MariaDB is a free open-source software for managing relational databases. It’s guaranteed to stay that way, too, since it’s owned by a non-profit organization, MariaDB Foundation, which relies on community sponsorships. That’s precisely why it was created as a fork of MySQL; the original developers feared what would happen to MySQL after Oracle Corporation acquired it in 2009. For that reason, MariaDB is compatible with it, and uses the same commands and APIs, making it a full-fledged alternative for creating databases in MySQL. With that said, let’s show how to create a database in MariaDB.
1. Prepare to access your server
Before we start, we’d like to point out there’s a beginner-friendly way. It includes using a compatible GUI (Graphical User Interface)-based software such as phpMyAdmin and making a database with it. If that’s not your forte, before signing in to MariaDB and using any commands, you must access the command-line interface like this:
MariaDB 10.4 and earlier
If you are creating a database for local testing, you must install either:
- MariaDB packages for Windows or Linux (https://downloads.mariadb.org/mariadb/+releases/)
- MariaDB repositories (https://downloads.mariadb.org/mariadb/repositories/) for Linux distributions
- Homebrew, a free package manager for macOS
Afterward, launch Command Prompt or PowerShell (with “PowerShell Cmdlets”, a third-party tool we aren’t affiliated with) on Windows. On Mac or Linux, open your Terminal.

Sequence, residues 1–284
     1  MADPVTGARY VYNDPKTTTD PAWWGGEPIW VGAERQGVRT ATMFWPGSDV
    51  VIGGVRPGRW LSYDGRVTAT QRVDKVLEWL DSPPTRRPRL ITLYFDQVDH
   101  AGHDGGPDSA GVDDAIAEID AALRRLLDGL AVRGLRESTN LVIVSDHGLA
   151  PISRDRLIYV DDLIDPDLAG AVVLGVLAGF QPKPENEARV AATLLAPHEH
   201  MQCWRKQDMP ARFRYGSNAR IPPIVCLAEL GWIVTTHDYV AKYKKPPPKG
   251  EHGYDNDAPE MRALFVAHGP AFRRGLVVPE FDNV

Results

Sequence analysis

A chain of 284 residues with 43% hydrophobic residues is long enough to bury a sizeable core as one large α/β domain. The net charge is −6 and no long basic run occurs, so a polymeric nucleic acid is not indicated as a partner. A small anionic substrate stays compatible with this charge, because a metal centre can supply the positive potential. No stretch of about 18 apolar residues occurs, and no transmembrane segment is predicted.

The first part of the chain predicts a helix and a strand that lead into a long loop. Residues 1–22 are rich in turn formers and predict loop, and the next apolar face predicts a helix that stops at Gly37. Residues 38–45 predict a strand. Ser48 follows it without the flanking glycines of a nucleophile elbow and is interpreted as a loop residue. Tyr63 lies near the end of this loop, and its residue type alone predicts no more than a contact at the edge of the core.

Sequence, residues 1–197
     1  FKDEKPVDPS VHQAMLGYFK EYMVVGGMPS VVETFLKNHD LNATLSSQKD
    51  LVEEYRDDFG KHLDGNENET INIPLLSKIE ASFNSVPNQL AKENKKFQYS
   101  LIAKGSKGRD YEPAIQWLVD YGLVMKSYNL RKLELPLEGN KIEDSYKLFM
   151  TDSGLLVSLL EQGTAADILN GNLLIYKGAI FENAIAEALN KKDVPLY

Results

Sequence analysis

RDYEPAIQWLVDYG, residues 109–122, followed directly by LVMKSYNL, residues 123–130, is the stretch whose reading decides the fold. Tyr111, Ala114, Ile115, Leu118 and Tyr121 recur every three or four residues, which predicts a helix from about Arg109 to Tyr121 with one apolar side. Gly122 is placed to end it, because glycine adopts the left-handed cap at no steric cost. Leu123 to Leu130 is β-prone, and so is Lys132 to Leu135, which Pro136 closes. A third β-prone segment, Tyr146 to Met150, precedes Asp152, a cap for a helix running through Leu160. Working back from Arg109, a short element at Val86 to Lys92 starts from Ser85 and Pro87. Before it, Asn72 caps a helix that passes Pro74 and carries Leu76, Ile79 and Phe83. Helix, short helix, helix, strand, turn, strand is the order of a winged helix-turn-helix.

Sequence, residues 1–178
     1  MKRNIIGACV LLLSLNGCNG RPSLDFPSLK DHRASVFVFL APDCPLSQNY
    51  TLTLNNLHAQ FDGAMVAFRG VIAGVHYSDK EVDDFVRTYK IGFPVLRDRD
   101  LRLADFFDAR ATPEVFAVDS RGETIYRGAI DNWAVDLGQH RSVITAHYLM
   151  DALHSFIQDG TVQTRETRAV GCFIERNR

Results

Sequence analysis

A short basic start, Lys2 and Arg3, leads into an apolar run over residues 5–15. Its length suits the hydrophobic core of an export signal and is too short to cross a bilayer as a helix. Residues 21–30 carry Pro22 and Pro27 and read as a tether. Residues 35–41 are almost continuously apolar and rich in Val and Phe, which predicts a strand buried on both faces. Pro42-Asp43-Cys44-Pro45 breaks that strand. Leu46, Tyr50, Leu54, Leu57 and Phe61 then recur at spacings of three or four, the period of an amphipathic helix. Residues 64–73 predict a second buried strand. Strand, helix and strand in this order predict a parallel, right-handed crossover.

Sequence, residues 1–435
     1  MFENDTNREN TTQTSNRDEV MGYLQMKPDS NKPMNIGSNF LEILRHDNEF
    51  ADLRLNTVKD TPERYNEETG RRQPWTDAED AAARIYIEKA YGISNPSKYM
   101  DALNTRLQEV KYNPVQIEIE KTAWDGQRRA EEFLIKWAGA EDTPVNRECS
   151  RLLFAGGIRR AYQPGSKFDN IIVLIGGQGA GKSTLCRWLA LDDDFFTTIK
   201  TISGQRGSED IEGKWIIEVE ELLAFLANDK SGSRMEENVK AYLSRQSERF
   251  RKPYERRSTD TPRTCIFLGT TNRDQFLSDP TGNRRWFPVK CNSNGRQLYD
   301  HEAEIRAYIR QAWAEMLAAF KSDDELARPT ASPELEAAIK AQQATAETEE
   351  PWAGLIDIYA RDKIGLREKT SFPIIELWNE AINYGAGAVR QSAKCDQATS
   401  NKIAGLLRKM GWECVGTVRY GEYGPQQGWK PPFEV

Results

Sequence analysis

What about web hosting?
If you’re using a remote web hosting server, you’ll need to use SSH (Secure Shell) to access it. For this to happen, you must generate a private and public key by logging in to your web hosting cPanel, and going to SSH Access under “Security”. After you authorize access, a new option, Terminal, appears in the cPanel. Alternatively, you can use the SSH application preinstalled on Mac and Linux distributions. For Windows, you need an SSH client such as PuTTY, a popular free option.
MariaDB 10.5 and later
If you’re using MariaDB version 10.5 and later, the instructions above apply but there’s a bonus option too – MariaDB is natively supported by cPanel. So, on web hosting providers that use it, you can avoid using SSH or any installations, and access the command-line interface immediately.
2. Connect to your MariaDB server
Now that the command-line interface is open, connecting to the MariaDB server works in this fashion:
mysql before pressing Enter/Return to connect with the default credentials. You can also use the default defaults like the method below:
mysql -h localhost -u username. Replace “username” with ODBC on Windows or your login user name on Unix/Debian-based systems.
Web hosting providers assign you a set of credentials for connecting to the server. So, either check your e-mail, cPanel, or contact Customer Service. After obtaining them, enter them like this:
mysql -h hostname -u username -ppassword --ssl
- -h represents a host. Enter the hostname (e.g., host.website-name.com) or IP address you were given.
- -u represents a username you were assigned.
- -p represents a password. You can enter your password right away (like
-pyour-passwordwith no space in-between) but this isn’t secure. Our example prompts you to enter a password.
- –ssl enables TLS (Transport Layer Security) encryption. Since there are a lot of variables, follow your web hosting provider’s instructions for specifics. You can also type